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Rent vs Own…which is better?

Rising house prices could make you rethink buying a home.. Could renting be better today?  With the average home price in Toronto around $500k and the National average at $356k, renting might look more attractive.  And for certain situations, like short-term accommodations and retirement living, it does make sense.  But I’m not convinced that renting is right for most of us.

Some simple rules of thumb to remember when buying real estate:

  • you should plan on owning the home for at least 7 years.  This will amortize or spread out any associated expenses with the purchase or sale of your home.
  • buying for investment should be a long term play.. again, 7 years is usually long enough to take us through any economic cycle of ups and downs.
  • forgot buying for a quick flip.  Unless you are a professional renovator with a deep pockets, don’t try to imitate people on HGTV (yes, it’s another 4 letter word we shouldn’t repeat in public).
  • don’t buy at your maximum debt servicing ratios…. stretching yourself thin when interest rates are at record lows isn’t smart.
  • speaking of interest rates…. make sure to qualify yourself with an interest rate of 5.00% or higher.. this is a more realistic rate than today’s 3.09%… just plan for rates to go up… when they do, you’ll be prepared…
  • we won’t get into buying a rental property here… it requires more explanation.. but for many, it’s an even better investment than buying your principal residence… a topic we will discuss at a later date.

Type in Rent vs Own or Rent vs Buy on google, and you’ll find several recent articles on the subject.   This one, from the Financial Post, stood out…. it’s against owning.   The article explains that you will be better off, financially, if you rent…  They even give an online calculator to prove the point…. Okay, let’s take a closer look at this calculator…   Ah, there’s where we have a difference of opinion…. Their calculator assumes you can earn an annual 7.00% Return on Investment outside of Real Estate…   And they are using annual house appreciation rate of 2.00%.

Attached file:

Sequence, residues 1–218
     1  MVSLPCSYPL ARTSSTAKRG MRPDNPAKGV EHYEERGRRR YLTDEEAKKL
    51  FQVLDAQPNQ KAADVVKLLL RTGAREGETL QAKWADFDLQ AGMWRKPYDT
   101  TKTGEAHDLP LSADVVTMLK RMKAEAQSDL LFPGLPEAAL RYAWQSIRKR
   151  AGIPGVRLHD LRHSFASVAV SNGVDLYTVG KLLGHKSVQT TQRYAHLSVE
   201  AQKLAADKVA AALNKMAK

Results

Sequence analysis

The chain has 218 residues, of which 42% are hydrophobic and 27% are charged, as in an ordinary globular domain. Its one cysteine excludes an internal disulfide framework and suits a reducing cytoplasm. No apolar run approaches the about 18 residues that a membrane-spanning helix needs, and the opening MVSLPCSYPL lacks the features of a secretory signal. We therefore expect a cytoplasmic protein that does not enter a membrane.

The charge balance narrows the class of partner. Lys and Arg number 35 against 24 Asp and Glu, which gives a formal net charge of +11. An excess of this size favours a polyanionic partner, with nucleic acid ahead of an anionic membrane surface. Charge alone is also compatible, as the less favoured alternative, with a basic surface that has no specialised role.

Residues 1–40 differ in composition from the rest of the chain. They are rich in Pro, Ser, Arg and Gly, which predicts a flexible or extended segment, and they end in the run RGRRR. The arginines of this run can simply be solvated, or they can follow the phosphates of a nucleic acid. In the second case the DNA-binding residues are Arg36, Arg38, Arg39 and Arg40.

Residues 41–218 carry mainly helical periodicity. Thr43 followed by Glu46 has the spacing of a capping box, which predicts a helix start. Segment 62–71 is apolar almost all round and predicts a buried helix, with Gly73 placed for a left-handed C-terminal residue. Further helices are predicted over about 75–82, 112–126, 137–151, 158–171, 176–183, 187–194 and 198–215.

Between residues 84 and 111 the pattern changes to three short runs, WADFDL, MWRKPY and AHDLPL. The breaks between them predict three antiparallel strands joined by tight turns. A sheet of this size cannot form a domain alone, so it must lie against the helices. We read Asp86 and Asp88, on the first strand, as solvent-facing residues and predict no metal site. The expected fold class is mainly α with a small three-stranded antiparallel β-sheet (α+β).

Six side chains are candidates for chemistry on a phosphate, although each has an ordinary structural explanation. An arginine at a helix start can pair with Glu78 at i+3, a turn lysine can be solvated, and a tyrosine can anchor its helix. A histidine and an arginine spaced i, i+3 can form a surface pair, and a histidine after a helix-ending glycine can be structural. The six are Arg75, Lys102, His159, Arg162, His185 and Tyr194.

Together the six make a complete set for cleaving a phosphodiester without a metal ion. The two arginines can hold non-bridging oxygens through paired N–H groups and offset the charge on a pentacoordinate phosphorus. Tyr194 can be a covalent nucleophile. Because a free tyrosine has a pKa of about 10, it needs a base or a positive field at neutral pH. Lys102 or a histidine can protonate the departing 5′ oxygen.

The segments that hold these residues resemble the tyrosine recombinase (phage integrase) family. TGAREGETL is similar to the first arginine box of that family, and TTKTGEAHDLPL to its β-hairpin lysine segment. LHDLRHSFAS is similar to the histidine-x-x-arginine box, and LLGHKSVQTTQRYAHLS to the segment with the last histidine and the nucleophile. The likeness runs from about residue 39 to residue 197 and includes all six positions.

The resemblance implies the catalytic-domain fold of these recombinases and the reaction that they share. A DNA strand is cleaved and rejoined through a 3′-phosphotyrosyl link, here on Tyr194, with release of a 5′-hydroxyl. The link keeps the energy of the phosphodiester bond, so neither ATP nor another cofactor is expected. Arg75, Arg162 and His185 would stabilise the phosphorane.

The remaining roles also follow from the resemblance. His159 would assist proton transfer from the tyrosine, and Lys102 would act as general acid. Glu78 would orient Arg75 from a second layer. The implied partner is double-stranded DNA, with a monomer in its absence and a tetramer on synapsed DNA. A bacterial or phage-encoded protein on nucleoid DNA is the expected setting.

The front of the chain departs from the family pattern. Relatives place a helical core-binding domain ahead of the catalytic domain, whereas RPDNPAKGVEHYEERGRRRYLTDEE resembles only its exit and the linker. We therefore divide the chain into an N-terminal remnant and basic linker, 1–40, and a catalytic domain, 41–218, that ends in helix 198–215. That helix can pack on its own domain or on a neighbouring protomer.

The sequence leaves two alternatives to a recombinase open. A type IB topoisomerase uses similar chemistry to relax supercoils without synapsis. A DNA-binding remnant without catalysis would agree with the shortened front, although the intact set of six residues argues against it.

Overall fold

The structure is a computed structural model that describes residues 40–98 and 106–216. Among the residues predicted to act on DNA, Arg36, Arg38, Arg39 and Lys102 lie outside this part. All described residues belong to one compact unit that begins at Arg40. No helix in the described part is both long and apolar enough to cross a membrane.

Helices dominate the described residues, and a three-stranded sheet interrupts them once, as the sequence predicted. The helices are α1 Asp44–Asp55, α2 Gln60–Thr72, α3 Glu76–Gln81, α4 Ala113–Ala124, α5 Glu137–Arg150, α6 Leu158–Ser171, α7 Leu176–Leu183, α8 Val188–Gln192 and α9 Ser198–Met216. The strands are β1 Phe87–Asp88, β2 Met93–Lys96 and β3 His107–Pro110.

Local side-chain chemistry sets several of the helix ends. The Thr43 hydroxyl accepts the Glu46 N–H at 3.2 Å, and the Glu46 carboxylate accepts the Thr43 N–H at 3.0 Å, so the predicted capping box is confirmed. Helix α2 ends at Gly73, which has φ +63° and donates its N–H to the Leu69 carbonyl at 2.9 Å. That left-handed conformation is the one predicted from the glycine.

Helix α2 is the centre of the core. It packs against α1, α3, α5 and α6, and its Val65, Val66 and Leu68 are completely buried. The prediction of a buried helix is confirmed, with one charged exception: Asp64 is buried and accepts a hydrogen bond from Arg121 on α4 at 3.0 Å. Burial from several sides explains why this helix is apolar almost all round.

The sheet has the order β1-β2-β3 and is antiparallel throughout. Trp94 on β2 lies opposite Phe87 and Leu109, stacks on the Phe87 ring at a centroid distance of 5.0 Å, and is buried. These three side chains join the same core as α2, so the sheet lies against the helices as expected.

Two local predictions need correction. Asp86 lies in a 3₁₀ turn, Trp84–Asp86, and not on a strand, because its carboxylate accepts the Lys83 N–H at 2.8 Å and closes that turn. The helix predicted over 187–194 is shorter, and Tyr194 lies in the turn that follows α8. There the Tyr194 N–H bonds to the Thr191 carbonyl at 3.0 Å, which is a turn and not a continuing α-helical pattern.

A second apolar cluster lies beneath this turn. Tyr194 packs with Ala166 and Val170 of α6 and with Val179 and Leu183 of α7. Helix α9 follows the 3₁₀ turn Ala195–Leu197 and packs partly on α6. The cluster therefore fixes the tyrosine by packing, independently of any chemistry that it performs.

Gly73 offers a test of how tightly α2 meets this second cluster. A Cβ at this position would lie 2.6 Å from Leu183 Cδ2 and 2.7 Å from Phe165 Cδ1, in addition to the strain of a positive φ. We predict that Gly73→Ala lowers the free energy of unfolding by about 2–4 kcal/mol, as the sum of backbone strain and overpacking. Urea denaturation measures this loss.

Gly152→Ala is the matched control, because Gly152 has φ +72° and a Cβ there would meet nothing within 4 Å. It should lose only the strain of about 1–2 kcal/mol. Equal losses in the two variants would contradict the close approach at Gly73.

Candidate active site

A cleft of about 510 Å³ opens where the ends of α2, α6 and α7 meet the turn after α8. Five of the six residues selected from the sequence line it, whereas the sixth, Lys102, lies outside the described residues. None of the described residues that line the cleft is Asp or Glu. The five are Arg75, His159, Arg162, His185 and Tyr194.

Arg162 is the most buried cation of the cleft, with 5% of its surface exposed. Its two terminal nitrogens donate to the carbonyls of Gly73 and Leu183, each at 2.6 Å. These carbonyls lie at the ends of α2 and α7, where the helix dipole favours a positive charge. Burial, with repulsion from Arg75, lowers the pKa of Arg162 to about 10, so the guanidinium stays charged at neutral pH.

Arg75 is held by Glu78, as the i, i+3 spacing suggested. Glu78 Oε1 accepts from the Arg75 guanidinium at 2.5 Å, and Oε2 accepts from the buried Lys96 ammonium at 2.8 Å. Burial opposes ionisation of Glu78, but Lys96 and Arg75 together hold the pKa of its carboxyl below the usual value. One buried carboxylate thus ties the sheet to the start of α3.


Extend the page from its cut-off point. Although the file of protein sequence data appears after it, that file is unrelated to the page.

Hmmm, how many people have made an average annual return of 7.00% in stocks, bond, mutual funds over the past 5, 10, 15 or 20 years???   Most the people I know are still looking to match the stock market highs of 2000 or recover their investments from the 2008 crash.    And using a 2.00% annual appreciation rate for real estate?  Come on, let’s get real!   Try typing in more realistic numbers like 5.00% investment return and 5.00% house appreciation and see what you get…   And that 5.00% investment return is being generous.    Real Estate becomes the winning choice…

We also have to factor in the intangibles.   Not having to worry about moving because your landlord is selling… and not having to move the kids…. and just plain pride of ownership… There is something to be said for owning your home..  People tend to care a little more about the home they own.